Pain happens when our brain sounds the alarm to the rest of our nervous system. This is a natural response to an injury that is meant to keep us safe. Our brain can send a danger signal to our nervous system that creates pain even if we are not injured. Because pain is connected to our brain’s response, we can also train our brains to respond differently.
According to the Institute of Medicine, approximately 100 million people in the United States experience chronic pain. There is a crisis of opioid abuse in the U.S. that is changing the way many people think about controlling pain with medications. In some cases, drugs may be necessary, but in others, controlling pain with our mind may be a healthier long-term option.
Emotional Pain and Its Connection to Physical Pain
Anyone who has been injured knows that physical pain can cause emotional pain. Who wouldn’t be angry, frustrated, or depressed to be in constant pain? However, what is less well known is the fact that emotional pain can cause physical pain. If you’re injured, your emotional pain can make your physical pain worse.
Examples of the Types of Pain You May Experience After an Injury
One way you can control your level of pain is by treating its cause. This goes beyond visiting a doctor, though you should do that as well. Any of the following three sources of pain could be contributing to your agony.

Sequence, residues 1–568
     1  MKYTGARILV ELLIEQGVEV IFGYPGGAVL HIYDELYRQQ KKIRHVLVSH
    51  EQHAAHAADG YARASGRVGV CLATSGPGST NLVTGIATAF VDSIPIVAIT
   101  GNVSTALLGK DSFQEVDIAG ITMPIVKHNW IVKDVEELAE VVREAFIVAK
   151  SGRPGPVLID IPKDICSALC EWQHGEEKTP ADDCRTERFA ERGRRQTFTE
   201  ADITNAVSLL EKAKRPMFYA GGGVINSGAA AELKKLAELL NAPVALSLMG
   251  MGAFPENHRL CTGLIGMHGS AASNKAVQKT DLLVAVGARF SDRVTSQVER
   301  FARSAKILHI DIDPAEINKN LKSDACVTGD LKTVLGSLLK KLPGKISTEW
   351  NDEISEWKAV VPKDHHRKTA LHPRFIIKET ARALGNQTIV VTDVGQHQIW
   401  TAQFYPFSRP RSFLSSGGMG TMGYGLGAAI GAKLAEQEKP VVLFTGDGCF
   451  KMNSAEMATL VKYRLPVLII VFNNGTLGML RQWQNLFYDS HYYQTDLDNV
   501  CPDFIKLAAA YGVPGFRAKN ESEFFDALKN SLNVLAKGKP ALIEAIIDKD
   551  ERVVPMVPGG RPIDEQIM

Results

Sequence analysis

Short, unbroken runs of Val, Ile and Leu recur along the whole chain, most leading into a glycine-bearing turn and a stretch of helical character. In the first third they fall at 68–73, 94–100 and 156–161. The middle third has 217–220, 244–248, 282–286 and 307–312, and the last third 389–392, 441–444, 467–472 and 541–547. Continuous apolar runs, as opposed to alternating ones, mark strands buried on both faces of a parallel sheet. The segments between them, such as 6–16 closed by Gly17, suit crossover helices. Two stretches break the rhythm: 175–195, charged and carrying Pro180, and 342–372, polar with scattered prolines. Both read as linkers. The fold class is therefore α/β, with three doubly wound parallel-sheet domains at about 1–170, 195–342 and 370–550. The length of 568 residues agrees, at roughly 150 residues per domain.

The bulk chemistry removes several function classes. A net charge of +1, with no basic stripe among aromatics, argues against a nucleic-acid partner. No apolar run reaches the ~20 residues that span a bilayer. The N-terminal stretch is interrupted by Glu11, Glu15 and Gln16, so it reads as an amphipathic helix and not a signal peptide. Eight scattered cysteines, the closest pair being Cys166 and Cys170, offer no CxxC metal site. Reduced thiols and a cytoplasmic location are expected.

Any physical pain you experience from your injuries could last long after your accident. One example of this would be someone who sustained a back injury. Every time that person moved for the rest of their life, they could be in physical pain that would cause frustration and emotional stress. You may benefit from visiting a doctor who is a specialist in alternative pain treatments.
An example of emotional pain that may be compounding your physical pain is someone who is in a wheelchair and lost the ability to do the things they once loved, leading to isolation and depression. On top of this, they may have also lost their ability to work, which could lead to financial stress. If this sounds familiar, you may want to speak to a therapist, psychologist, or psychiatrist.
One study in Psychological Science determined that people who are experiencing financial problems experience more pain. If you’re drowning in medical debt after your accident and you’re missing work, The stress from trying to cover your bills may be exacerbating your physical pain. If your injury was caused by negligence, you may want to consider speaking to a pain lawyer.
How to Train Your Mind to Overcome Pain
Your brain can rewire itself to cope with your experiences. If you’re experiencing chronic pain, that may not be a good thing because your brain could have trained itself to experience pain even after your symptoms have subsided. Because the mind and body are connected, mind-body therapies can help you overcome your pain.
Some of the techniques you can use to overcome pain include:
- Practicing yoga
- Deep breathing exercises
- Focusing on positive thinking
- Meditation with guided imagery
- Practicing mindfulness
- Practicing tai chi
- Controlling your relaxation response
- Focusing on the pain-free parts of your body
- Distracting yourself from pain
- Positive visualization exercises
If you’ve been suffering with chronic pain it can be easy to give in to the idea that it’s never going to go away and this is just the way your life is now. However, that doesn’t have to be the case. Every one of us, at least to some extent, has the ability to retrain our brain to lessen the amount of pain we are in. It’s worth giving it a shot.